Were bristles rang’d like those that ridge the back
    Of chas’d wild boars, or ruffl’d porcupines. John Milton.


  1. Ridge

    A ridge or a mountain ridge is a geographical feature consisting of a chain of mountains or hills that form a continuous elevated crest for an extended distance. The sides of the ridge slope away from the narrow top on either side. The lines along the crest formed by the highest points, with the terrain dropping down on either side, are called the ridgelines. Ridges are usually termed hills or mountains as well, depending on size.


  1. ridge

    A ridge is a long, narrow elevated land formation often formed by years of geological activity such as volcanic actions or continental plate collisions. In a broader context, a ridge could also refer to a high-point or peak formed by other elements, such as a ridge on a roof or a protruding edge or raised strip on any surface.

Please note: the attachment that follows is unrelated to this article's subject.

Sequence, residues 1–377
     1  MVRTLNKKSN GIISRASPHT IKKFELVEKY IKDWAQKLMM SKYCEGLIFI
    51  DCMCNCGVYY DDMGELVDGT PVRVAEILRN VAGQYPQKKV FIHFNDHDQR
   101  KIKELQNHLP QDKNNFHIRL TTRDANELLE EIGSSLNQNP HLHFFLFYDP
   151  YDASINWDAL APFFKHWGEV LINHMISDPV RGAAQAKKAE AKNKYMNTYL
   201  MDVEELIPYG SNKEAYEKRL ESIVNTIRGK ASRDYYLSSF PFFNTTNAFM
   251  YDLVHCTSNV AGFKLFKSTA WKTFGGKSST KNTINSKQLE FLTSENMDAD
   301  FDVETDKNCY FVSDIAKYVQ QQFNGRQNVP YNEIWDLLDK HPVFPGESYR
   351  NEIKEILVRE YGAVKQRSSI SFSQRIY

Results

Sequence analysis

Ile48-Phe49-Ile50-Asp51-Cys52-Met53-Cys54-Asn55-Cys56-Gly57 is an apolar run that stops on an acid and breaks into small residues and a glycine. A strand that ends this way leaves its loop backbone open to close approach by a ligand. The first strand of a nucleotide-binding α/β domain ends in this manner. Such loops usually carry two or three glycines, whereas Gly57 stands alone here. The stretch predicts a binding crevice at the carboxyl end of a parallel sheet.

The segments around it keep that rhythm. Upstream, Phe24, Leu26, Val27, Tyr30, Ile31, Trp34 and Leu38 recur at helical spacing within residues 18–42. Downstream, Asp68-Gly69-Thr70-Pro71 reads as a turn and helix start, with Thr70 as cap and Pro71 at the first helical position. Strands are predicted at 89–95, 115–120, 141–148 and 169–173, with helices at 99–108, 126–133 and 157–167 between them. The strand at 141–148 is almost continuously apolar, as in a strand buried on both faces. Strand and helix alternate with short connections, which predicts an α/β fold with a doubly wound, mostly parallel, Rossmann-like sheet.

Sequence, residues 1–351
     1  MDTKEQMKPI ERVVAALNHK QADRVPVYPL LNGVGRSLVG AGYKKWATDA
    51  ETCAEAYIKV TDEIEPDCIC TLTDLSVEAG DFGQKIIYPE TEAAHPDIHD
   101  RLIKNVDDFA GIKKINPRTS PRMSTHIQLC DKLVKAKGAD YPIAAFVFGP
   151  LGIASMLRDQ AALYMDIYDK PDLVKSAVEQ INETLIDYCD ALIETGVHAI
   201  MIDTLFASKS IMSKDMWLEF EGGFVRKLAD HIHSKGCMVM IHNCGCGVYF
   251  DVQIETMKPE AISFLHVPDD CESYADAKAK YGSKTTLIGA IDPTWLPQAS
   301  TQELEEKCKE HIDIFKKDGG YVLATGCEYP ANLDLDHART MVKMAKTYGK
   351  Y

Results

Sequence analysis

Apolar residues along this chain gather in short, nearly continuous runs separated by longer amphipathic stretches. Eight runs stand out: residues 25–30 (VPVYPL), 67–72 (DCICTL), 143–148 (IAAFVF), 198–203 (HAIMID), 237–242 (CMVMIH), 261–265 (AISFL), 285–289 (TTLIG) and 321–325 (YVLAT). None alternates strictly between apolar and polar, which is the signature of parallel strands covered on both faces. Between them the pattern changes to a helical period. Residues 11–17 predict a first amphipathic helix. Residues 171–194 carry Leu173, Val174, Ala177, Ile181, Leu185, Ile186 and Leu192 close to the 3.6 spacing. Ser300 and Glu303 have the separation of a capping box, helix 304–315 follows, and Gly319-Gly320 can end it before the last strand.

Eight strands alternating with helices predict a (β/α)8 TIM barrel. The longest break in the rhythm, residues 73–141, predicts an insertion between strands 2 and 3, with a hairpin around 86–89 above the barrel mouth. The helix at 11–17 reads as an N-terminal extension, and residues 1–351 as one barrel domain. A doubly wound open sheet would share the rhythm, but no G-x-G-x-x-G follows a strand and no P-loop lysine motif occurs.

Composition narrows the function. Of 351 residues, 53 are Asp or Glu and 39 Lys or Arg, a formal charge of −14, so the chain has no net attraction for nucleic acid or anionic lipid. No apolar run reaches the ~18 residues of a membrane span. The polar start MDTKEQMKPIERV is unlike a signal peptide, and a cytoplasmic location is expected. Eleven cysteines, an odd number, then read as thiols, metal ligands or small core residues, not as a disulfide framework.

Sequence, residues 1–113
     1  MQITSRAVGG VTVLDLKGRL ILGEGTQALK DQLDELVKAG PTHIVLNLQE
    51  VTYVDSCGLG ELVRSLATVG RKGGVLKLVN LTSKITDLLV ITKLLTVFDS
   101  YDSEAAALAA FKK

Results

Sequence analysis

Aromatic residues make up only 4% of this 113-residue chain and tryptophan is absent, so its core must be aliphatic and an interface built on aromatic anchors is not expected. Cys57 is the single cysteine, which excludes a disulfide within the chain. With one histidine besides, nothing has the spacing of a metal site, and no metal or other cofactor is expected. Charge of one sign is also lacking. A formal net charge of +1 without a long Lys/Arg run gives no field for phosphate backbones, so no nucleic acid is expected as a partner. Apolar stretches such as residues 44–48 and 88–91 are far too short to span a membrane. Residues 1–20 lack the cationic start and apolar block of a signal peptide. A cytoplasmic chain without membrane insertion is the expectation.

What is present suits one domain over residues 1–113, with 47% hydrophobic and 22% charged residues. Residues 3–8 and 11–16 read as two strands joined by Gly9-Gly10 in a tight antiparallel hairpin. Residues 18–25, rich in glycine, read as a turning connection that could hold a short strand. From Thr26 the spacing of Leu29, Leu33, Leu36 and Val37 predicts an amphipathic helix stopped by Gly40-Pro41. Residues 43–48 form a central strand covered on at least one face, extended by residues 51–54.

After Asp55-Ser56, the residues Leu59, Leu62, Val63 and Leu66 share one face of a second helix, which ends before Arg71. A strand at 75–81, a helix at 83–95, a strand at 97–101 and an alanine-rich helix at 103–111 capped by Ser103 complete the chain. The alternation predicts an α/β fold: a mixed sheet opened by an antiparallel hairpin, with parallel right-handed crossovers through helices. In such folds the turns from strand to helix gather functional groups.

Webster Dictionary

  1. Ridgenoun

    the back, or top of the back; a crest

  2. Ridgenoun

    a range of hills or mountains, or the upper part of such a range; any extended elevation between valleys

  3. Ridgenoun

    a raised line or strip, as of ground thrown up by a plow or left between furrows or ditches, or as on the surface of metal, cloth, or bone, etc

  4. Ridgenoun

    the intersection of two surface forming a salient angle, especially the angle at the top between the opposite slopes or sides of a roof or a vault

  5. Ridgenoun

    the highest portion of the glacis proceeding from the salient angle of the covered way

  6. Ridgeverb

    to form a ridge of; to furnish with a ridge or ridges; to make into a ridge or ridges

  7. Ridgeverb

    to form into ridges with the plow, as land

  8. Ridgeverb

    to wrinkle

  9. Etymology: [OE. rigge the back, AS. hrycg; akin to D. rug, G. rcken, OHG. rucki, hrukki, Icel. hryggr, Sw. rugg, Dan. ryg. 16.]


  1. Ridge